Bloom Where You’re Planted

Those of you who haven’t been quarantined your whole lives have probably heard this saying before. It’s the first thing that popped into my head when I saw that today’s UU Lent word is bloom.

Let’s see how to do that. Image by @dmotif via Twenty20.

It being spring in glorious central Texas, you see blossoms everywhere. They look especially vibrant this year, since it’s been cloudy or rainy most of the time, and there is a lot of very green grass to contrast with it. I don’t think they are what I’m going to talk about today.

Bloom is a verb. When a plant blooms, it puts all its energy into reaching out to other plants, insects, birds, and animals. It sends pollen out to make seeds. Then the females put even more energy into taking what they got and making fruit.

That’s how I see the idea of blooming where you’re planted. Just like a plant, we don’t get to choose where we do our growing. Some of us get nice rich soil and lots of nurturing, others of us get placed on the sidewalks of life.

Burr clover can bloom on the driveway.

Right now a lot of us are planted in an isolated place. I’m even in a basement, for heaven’s sake. What is helping me a lot is taking the situation I’m in and learning from it. While I’m all cozy in here, I’m thinking of ways to be a better person, do my work better, and contribute to my community.

Blue-eyed grass is one of my favorite signs of spring at the ranch.
I’m planted right here, Mommy. I’ll bloom later, okay? I’m also metaphorically exhausted.

When I bloom, I’ll be able to make the best possible flower, and we can all do that, no matter where we’re starting from. You take what you’re given and make the best of it, or not, I guess.

Let’s hope that the fruit we eventually make from all the introspecting, preparation, and hard work we are doing to grow and bloom will be sweet, nutritious, and strong, so we can plant more ideas.

I’m metaphorically worn out now. Are you? What do you think about when you think of blooming?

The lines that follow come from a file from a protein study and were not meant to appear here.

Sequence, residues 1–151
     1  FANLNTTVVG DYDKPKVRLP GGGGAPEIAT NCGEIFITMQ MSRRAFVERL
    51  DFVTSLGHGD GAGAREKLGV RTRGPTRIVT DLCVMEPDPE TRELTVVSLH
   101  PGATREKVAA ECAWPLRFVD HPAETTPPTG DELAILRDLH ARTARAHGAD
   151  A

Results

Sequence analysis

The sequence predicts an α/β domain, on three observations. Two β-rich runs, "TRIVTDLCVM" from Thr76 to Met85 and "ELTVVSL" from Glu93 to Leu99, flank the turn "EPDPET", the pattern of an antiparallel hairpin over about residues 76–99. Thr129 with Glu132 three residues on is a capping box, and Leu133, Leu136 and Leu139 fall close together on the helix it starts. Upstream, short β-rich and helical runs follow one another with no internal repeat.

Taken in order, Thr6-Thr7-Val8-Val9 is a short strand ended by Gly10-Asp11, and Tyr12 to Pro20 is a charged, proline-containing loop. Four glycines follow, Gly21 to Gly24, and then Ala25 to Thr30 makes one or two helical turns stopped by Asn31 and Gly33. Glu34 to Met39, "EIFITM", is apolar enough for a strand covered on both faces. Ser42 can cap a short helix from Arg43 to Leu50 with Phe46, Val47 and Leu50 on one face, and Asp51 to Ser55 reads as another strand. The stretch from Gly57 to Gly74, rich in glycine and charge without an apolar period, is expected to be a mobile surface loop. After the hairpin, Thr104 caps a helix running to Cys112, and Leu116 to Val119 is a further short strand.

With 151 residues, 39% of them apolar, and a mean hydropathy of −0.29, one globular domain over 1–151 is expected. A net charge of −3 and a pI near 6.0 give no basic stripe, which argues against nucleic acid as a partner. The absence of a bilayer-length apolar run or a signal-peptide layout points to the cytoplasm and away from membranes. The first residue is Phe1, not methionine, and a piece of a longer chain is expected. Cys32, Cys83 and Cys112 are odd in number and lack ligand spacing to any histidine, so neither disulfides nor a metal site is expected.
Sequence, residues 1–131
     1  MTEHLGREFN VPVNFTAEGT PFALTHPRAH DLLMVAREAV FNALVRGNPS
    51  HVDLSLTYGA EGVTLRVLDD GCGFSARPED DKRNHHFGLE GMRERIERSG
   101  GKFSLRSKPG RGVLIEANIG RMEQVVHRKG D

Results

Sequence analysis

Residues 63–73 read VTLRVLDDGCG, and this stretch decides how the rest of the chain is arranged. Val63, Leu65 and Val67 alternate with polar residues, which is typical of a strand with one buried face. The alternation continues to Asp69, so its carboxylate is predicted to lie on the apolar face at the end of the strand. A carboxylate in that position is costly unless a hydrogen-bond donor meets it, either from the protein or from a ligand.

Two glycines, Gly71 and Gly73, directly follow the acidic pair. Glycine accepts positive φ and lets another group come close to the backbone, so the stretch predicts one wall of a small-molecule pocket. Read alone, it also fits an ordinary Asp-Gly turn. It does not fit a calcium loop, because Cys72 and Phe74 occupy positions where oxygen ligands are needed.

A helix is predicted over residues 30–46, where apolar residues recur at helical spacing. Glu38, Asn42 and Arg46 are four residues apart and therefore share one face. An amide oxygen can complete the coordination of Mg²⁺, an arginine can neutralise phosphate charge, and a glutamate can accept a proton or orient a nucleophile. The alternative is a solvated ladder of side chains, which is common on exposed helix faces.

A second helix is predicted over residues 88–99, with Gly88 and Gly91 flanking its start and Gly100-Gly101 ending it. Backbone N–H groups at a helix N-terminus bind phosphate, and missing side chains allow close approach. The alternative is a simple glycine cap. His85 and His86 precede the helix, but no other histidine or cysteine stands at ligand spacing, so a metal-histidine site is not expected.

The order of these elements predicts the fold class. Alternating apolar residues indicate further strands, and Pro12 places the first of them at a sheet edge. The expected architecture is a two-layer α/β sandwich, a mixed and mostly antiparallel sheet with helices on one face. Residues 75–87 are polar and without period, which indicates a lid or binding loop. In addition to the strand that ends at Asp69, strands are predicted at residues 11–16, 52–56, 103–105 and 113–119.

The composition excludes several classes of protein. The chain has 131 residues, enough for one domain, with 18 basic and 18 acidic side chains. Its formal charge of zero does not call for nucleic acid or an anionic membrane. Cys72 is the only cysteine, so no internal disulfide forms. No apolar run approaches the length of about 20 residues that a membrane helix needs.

A Year of Carlton the Dogman

Facebook is good for something: This morning it reminded me that I found my precious doggie Carlton a year ago today. Time really flies, doesn’t it? Some of you may know this story, but I’ll share it in Carlton’s honor.

I was such a cute puppy. I deserve honors.

I was really missing having a dog to hang out with when I was in Austin, and I wanted to help out a sad dog, so Mandi, Anita, and I started looking around for a small-ish dog who could go back and forth from Austin to the Hermits’ Rest with me.

My experience at Austin Pets Alive was really sad. The only dog that wasn’t a pit mix was scared to death of people.

I found me a puppy!

We kept watching the Cameron dog pound for likely suspects, when three puppies came in. All three were friendly and sweet, but the white one with blue eyes looked to me like he’d stay smaller. I took him out for a walk, and he was SO friendly. Sandra at the pound (now known as A Touch of Love) was sure he’d be a small dog, and I was smitten by his cuddliness.

Continue reading “A Year of Carlton the Dogman”

A Digression on Dog Genetics, Part 2

eye_chart
Here’s Carlton, really wanting to get out of the doctor’s office. This photo is the best one to show he has pale tan ears.